Special university entrance schemes designed to widen access for disadvantaged minorities are being abused to a serious degree. The Board of Audit and Inspection on Wednesday said it found 865 cases of illegitimate university entrance through special schemes designed for students in rural areas and low-income households and for those who have lived abroad.
The rationale behind these special schemes is to give more chances to students from disadvantaged educational environments. But many students who are not eligible exploit loopholes in the schemes to increase their chance of getting accepted at more prestigious universities.
A total of 479 students in 55 universities were found to have been admitted illegitimately through the special program for students in rural areas. Their parents moved their address to rural areas while actually living in cities, and most of the rural addresses given were unfit for habitation. Some had addresses on airport runways, warehouses, and chilli fields. Others changed their addresses to the dormitories of the schools their children were going to move to, with the help of the schools.
After illegitimately meeting the conditions, parents then briefly sent their children to schools in rural areas. Once they were accepted by the university of their choice through the special scheme, they simply changed their addresses again. This was especially frequent at Korea University with over 80 cases.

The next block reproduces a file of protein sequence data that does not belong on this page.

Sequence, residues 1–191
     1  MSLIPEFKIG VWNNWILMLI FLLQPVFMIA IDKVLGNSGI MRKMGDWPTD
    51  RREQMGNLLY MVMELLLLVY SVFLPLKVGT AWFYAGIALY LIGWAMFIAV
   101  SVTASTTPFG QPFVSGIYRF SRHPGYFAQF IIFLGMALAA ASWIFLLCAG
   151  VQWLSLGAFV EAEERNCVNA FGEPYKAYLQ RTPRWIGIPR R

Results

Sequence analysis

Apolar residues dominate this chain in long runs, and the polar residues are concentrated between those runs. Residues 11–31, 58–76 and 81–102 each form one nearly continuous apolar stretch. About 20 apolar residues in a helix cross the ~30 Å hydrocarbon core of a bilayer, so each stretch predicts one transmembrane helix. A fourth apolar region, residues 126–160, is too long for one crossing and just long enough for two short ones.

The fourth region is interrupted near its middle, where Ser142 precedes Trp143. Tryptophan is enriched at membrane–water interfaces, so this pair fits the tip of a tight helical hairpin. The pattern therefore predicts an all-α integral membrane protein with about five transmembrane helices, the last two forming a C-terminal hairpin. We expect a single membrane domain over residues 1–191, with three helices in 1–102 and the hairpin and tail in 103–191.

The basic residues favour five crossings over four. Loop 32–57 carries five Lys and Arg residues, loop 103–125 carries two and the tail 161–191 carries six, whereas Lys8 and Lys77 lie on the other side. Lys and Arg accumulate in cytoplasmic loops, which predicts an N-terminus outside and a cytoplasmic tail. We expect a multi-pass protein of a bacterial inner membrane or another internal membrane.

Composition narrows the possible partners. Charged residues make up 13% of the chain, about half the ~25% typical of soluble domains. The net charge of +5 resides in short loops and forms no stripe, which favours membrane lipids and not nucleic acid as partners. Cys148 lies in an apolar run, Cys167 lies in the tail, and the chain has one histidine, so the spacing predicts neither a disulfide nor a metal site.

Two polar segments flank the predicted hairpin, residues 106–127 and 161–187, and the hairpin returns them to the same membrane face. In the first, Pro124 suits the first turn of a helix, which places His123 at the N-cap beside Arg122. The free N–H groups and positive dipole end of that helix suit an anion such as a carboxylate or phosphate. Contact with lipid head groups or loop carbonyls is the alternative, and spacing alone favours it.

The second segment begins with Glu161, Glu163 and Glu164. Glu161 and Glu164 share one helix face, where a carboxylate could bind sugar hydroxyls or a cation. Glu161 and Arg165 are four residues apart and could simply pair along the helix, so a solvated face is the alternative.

Seoul National University had around five cases, and other notable universities -- Sungkyunkwan, Sogang, Ewha Womans, Hanyang, Kyunghee, Konkuk, Dongguk, and Hankuk University of Foreign Studies -- between 10 and 40.
The special admission program for students from abroad is reserved for Koreans with permanent residency in other countries, children of those who worked abroad for extended periods, naturalized foreigners, and North Korean defectors. But the BAI found seven illegitimate cases in five universities.
In order to meet the condition of attending school outside Korea for two or three years including one year in high school, they lied about the time they spent abroad. Some parents forged their records of leaving and entering Korea, and some nominally had their children adopted by Koreans with foreign nationalities or missionaries.
Prof. Park Jhung-soo at Ewha Womans University said, "From the early stage of the special entrance schemes, there were many illegitimate cases where prominent figures or university staff got their children admitted by dodgy means. There is a need for stronger punishment of universities, for example by not allowing them to recruit new students for replacement for a certain period."